Thailand’s exports are expected to grow by 3% to 4% this year as the global economy recovers, but a stubbornly strong baht currency remains a worry, the shippers’ council said on Tuesday.
Exports, a key driver of growth, could perform better than expected on vaccine developments and if the government provides more support, Ghanyapad Tantipipatpong, chairwoman of the Thai National Shippers’ Council, told a briefing.
“Last year’s exports were quite satisfactory, declining less than expected, at 6%, suggesting an economic recovery in some countries,” she said. “So we think the trade picture this year should not be worse”.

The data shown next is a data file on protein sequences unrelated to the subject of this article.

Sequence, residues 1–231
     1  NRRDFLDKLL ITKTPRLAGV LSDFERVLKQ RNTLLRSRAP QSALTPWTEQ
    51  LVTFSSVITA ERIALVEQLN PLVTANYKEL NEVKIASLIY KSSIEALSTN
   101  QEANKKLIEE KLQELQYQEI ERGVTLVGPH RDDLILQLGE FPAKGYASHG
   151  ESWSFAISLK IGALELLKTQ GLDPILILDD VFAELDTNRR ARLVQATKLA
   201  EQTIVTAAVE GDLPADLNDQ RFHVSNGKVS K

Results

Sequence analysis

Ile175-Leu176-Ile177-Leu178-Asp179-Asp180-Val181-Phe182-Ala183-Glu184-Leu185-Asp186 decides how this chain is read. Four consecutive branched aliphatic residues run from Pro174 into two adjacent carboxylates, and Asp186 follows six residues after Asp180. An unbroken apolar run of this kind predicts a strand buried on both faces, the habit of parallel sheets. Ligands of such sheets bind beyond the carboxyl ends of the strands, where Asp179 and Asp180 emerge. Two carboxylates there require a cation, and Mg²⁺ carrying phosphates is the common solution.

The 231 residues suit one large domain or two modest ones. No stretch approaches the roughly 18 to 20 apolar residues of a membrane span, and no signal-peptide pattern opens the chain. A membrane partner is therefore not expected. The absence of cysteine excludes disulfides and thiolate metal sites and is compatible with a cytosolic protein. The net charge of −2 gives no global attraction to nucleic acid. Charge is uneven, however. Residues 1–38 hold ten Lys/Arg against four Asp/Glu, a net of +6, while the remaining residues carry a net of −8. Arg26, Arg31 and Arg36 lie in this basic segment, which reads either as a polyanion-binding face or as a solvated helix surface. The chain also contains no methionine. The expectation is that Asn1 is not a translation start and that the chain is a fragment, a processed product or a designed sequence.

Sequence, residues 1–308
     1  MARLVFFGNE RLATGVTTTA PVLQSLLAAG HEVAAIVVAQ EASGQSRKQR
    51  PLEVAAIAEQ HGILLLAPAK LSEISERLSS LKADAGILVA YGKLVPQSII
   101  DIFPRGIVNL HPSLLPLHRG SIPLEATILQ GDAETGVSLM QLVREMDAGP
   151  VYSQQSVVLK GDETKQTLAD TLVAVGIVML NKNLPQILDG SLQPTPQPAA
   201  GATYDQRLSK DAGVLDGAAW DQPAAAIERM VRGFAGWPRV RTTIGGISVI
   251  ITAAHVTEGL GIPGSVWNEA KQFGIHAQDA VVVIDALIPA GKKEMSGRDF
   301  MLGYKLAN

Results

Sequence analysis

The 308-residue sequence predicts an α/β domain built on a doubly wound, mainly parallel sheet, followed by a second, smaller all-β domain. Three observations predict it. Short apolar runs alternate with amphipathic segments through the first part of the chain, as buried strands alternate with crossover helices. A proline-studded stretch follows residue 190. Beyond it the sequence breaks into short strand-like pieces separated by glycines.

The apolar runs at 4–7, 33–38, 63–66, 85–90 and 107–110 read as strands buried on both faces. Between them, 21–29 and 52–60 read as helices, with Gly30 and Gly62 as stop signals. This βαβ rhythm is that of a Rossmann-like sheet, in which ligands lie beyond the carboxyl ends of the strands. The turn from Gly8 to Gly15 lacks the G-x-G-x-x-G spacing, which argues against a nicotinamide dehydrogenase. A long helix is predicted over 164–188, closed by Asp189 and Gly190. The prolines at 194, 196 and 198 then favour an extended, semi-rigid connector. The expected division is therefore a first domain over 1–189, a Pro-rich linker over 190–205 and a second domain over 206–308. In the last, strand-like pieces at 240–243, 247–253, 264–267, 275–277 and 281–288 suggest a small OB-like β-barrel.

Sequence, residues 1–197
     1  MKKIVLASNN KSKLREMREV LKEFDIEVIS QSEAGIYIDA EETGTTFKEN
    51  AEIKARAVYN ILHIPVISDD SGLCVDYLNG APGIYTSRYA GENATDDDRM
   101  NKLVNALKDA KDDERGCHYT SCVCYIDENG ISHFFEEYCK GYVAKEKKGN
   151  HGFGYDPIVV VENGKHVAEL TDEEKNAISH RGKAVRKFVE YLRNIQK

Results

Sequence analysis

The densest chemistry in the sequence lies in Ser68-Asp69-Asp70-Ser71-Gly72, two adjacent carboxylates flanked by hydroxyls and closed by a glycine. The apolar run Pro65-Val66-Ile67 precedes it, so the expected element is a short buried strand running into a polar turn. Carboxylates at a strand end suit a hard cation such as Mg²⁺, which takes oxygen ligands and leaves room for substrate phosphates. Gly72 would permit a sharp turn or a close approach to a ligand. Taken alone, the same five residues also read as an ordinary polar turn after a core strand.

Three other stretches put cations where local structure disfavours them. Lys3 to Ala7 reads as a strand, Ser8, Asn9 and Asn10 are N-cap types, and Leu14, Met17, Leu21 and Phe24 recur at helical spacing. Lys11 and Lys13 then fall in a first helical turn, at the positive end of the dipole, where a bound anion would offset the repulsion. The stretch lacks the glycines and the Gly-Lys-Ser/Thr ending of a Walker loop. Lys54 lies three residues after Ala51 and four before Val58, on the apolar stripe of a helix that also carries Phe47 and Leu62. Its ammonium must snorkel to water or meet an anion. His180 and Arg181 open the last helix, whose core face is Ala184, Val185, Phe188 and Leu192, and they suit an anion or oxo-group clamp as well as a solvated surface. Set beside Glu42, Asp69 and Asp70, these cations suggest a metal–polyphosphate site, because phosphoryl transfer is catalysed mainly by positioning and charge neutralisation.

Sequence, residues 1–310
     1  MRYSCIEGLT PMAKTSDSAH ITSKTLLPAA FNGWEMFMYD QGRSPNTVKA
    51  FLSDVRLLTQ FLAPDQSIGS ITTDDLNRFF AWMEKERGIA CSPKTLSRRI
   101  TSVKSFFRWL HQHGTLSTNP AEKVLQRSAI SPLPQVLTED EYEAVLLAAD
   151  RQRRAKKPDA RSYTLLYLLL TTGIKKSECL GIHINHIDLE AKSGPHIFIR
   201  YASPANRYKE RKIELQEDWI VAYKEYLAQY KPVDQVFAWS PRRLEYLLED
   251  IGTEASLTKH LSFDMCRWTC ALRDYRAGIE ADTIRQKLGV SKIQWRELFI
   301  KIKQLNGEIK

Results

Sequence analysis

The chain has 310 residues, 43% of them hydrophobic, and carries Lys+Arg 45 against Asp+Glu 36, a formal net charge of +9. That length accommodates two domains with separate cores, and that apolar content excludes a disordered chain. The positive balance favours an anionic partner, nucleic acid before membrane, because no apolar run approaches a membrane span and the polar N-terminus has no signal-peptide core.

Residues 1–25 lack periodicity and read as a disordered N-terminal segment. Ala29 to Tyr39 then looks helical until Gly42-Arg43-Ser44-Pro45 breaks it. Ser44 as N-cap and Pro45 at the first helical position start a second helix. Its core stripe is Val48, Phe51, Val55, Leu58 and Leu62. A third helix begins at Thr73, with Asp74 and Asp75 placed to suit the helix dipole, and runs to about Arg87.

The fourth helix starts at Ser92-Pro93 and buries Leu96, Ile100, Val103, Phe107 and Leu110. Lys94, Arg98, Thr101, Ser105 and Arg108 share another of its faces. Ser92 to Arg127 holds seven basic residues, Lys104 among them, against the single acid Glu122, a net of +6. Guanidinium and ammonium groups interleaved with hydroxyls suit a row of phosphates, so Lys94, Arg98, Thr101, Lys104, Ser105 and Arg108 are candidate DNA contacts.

However, exports might not be good in the first quarter due to a container shortage and the strength of the baht, she said. The baht traded at 29.97 against the US dollar at 1.48pm and has gained 10.6% since last April.
“If the baht appreciates to 28 per dollar, as many have predicted, it will definitely hit exports,” she said, adding the group wanted the central bank to keep the currency competitive.
A military coup in Myanmar had yet to affect Thailand’s trade with borders remaining open and most exports to the neighbouring country consisting of consumer goods, said council vice chairman Visit Limluecha.
He noted there had been a history of military interventions in politics in Myanmar over the last few decades, but said “we will monitor if there is any medium to long-term impact.”
Last year, exports to Myanmar was worth about 114 billion baht, or 1.6% of Thailand’s total shipments.